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New year marks start of new laws in state affecting electronics disposal, euthanization, child abuse signs in schools

| Sunday, Dec. 30, 2012, 11:34 p.m.

Starting in January, Pennsylvanians will not be able to discard old televisions, computers or radios in the trash. Animal shelters will be required to euthanize animals in more humane ways, and some school employees will have to get training to recognize signs of child abuse.

Other new Pennsylvania laws that take effect, many on New Year's Day, impose tougher penalties for underage drinking. The maximum fine for someone under 21 caught drinking goes from $300 to $500 and climbs to $1,000 for a second offense.

Steeper fines are a welcome improvement, said George Geisler, an officer with the Pennsylvania DUI Association's law enforcement services.

“Drinking is a problem, particularly among some young people. It is a public safety issue. Underage drinking has long-term effect on the development of the brain and often leads to the use of other illegal drugs,” he said.

Still, Geisler said, he is not certain higher fines will curb underage drinking significantly.

Trash haulers will be prohibited from picking up discarded electronics such as computers and televisions.

Residents will have to return the used item to retailers such as Best Buy and RadioShack, which must accept them free of charge, said Bill Klimovich, assistant director of Pittsburgh Public Works Bureau of Environmental Services.

Trash haulers, including the city and private firms such as Waste Management and BFI, must notify customers of the change.

Klimovich said his crews will leave the waste at the curb and a foreman will double-back to let residents know about the law. Residents could face a citation if the trash is not removed after 48 hours.

The animal euthanization law prohibits the use of carbon monoxide gas and drowning and makes it easier for shelters to obtain drugs for more humane methods. Advocates say the animals often are old, young, sick or hurt and not good candidates for gas chamber euthanasia. Some provisions of the animal euthanasia law will be phased in.

“We support new laws that make euthanasia a more humane process for animals,” said Jolene Miklas, a spokeswoman for Animal Friends, an Ohio Township shelter.

“We also support that anyone administering humane euthanasia be properly trained and certified.” The National Animal Control Association offers such training.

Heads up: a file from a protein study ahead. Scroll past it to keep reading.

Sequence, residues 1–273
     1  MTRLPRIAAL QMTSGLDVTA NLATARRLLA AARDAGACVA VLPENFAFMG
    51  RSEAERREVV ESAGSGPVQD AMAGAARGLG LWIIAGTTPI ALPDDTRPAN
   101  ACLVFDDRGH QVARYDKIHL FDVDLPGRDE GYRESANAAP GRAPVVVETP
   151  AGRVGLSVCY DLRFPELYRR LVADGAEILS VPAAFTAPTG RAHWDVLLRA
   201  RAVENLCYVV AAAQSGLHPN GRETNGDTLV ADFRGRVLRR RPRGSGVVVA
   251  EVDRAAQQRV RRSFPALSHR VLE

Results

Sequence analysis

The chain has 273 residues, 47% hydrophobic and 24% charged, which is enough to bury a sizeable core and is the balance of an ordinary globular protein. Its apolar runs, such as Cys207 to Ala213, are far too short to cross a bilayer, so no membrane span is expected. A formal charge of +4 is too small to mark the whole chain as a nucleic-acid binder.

Animal Friends supports only a direct injection, Miklas said.

Beginning this year, some school employees will be required to attend training to recognize the warning signs of child abuse, the rules for reporting suspected abuse and what sorts of relationships with children are appropriate.

The law is largely a response to the Penn State sex abuse scandal, said Debra Schilling Wolfe, executive director of the Field Center for Children's Policy, Practice & Research at the University of Pennsylvania.

“Very few states mandate this kind of training. This is the tip of the iceberg but very important,” Wolfe said.

The law should be expanded to require reporting of suspected child abuse to the Child Line hotline operated by the state Department of Public Welfare, she said.

“One of the major failures at Penn State was that people were required to report it up in their institution. We hear anecdotally from teachers that they report to administrators that nothing happens,” Wolfe said. “People need to also be directly mandated to report to ChildLine,”

New restrictions on the state's unemployment compensation fund go into effect, including a $573 cap on maximum weekly benefits that is expected to remain in place until at least 2017.

A law that took effect Dec. 24 allows new games of chance for fundraisers by fire companies and other nonprofits, including 50/50 drawings.

Contractors on public works projects will have to use the federal E-Verify system to check that their employees are legal residents. Another law simplifies voting rules for members of the military and others living overseas.

The Associated Press contributed to this report. Rick Wills is a staff writer for Trib Total Media. He can be reached at 412-320-7944 or

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